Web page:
Seeing change in a new (and more positive) light.
That’s not a mole, he says in some disgust. That’s an age spot. I’m not sure what right the walk-in-clinic doctor has to be disgusted by my age spot, but I try to be charitable. My description of the growth on my back — Raised Mole! Sudden Change! Crusty Surface! Burning Pain! — has led him on, I guess, promising great drama. But the theatre involved turns out to be more farce than drama, as the Great Melanoma Scare of 2011 is downgraded to Irritated Age Spot. Apply some Polysporin®, he advises curtly, still in a bit of a snit, and leaves with clear hopes of Something More Interesting from the next walk-in.
In this uplifting drive-by encounter with the medical profession, I do not learn how to distinguish ‘mole’ from ‘age spot’ in a middle-of-the-back location I cannot see and can just barely reach. But I do learn that the current formulation of Polysporin® — an over-the-counter medication I associate only with antibiotic properties — also has an analgesic effect. In plain language, it makes it stop hurting: Who knew? Lacking small-people housemates, I’m a little out of touch with modern small-wound treatment options.
I’m a little out of touch with many modernities. The computer-related ones — well, all electronics, really — are old news:
- On the road, when the not-quite-up-to-Google-standard search function of the GPS has me ready to throw it into the ditch, the Big Guy pulls over and takes over.
- At home, I need a cheat sheet to navigate the three remote controls involved in putting on a DVD — something that I dimly remember as a more straightforward operation.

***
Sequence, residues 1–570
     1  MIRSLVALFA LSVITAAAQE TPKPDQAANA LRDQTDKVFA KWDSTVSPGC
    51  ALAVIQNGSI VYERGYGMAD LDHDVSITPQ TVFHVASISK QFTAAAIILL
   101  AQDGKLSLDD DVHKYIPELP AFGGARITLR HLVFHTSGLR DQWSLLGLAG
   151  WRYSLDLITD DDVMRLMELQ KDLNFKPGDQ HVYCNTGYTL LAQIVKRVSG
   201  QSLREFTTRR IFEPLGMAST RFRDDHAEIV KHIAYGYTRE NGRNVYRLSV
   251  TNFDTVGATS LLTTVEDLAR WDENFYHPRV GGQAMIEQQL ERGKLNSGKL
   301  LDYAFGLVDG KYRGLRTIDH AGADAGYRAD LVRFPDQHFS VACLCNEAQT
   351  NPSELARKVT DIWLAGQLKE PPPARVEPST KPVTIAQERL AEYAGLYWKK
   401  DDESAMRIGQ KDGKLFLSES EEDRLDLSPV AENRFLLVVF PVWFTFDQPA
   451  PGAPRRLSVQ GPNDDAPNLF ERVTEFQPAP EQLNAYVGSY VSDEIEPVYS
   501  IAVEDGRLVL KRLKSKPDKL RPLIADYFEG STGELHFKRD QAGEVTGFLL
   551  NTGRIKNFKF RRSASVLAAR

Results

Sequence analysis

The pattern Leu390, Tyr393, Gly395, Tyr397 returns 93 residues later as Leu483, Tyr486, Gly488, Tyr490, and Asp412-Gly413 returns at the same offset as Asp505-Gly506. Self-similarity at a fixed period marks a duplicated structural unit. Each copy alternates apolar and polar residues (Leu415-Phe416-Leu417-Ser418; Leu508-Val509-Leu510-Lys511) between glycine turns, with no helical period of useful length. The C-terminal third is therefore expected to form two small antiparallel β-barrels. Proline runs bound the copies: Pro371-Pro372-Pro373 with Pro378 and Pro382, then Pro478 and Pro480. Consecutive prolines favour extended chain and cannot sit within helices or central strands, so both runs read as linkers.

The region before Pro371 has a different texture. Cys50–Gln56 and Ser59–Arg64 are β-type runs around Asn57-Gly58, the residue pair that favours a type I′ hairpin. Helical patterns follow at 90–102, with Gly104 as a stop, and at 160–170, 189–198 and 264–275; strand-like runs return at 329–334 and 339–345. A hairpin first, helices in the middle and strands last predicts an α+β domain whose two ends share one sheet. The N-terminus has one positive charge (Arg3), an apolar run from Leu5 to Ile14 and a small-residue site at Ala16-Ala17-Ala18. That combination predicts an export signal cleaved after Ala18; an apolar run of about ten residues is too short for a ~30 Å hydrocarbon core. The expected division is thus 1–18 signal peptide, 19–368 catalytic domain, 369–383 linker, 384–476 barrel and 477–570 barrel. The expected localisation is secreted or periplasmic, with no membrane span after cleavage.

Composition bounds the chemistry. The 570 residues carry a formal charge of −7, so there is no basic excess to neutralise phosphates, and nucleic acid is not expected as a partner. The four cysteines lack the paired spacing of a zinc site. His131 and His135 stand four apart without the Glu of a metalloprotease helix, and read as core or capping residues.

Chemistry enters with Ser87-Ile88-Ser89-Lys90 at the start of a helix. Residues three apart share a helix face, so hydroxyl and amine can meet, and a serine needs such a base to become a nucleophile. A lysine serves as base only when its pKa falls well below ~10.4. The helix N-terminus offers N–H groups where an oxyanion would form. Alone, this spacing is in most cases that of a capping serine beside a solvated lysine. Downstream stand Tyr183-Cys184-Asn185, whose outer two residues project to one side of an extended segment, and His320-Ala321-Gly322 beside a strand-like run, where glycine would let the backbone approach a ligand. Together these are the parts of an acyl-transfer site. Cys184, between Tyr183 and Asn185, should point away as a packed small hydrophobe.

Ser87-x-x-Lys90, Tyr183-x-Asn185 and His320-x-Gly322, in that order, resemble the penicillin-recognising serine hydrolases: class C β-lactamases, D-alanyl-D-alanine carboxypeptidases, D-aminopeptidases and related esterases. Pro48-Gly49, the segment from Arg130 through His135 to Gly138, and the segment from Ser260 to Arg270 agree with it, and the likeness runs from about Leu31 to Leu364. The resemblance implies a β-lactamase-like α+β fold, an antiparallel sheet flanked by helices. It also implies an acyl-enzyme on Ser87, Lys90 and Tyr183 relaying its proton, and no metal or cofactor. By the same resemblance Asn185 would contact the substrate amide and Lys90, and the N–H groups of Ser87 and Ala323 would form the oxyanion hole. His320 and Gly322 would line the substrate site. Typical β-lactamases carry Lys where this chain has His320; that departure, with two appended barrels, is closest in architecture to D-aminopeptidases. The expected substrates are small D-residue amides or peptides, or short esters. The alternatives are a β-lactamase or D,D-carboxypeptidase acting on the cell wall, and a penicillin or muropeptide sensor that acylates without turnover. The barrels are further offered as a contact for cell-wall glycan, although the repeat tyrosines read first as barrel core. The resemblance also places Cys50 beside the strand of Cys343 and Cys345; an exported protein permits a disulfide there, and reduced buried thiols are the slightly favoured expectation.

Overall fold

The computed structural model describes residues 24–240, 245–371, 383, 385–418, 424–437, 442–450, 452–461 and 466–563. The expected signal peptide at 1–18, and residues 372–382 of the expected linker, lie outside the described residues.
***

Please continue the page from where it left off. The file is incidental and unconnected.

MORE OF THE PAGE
- In my home office, I do not try to stay abreast of computer technology: I swallow my pride, buy the software warranty, and get on a first-name basis with Help Desk staffers around the world.
- In client offices, I watch in awe as young folks — all those under, say, 40 — do things with graphics applications that amaze me.
- In my social life, I find I’m not that social, really, if it means having to tackle Twitter. As for internet functionality, maybe no one is keeping up — I know I’m not. Did you know that Amazon sells dishwasher soap?
But I thought I knew Polysporin®.
I’m feeling, well, disgusted, I guess. But whether it’s with the convergence driven by the market economy generally (Why the heck do all products gradually become like all other products?), or with Polysporin® specifically (How dare they add functionality without telling me?), or with myself particularly (Why can’t I keep up?), I’m not yet sure.
Of course, none of these questions make much sense.
Do I really want the market economy not to function at full tilt, driven by the legitimate pursuit of self-interest? As a self-employed provider of a business service unknown just 20 years ago, I think not.
Do I really want products to stay the same forever? As a pain-free consumer of lactose-free milk, unavailable just 10 years ago, I think not.
Do I really expect to keep up with the rate of change created by humans’ wild and crazy ingenuity? As the granddaughter of a woman who lived from horse-and-wagon to moon-landing era, I think not.
As I approach the age my grandmother was when I was born, I often wonder what she would think of all these new products. She would, of course, know milk and eggs as foodstuffs, although she would never have seen lactose-free or omega-3-enriched variants. She enjoyed cheese in sandwiches, macaroni and even fondues, but likely knew nothing of smoked salmon cream cheese (light or regular) on bagels. She drank coffee, maybe cut with chickory in the old days, but lattes and espresso would have baffled her. She savoured ice cream and sherbet, but probably never heard of gelato, much less tasted it.
Yet — ready to try anything — she would have been tickled by many of these new choices, I think. Rather than being disgusted by her inability to keep up with the torrent, she would likely just have revelled in the small part of the flow that did come her way. So in this month that marks the 121st anniversary of her birth, I’m going to try to take a lesson from her (and even, perhaps, from that cranky walk-in-clinic doctor), and wonder, hopefully, What’s next?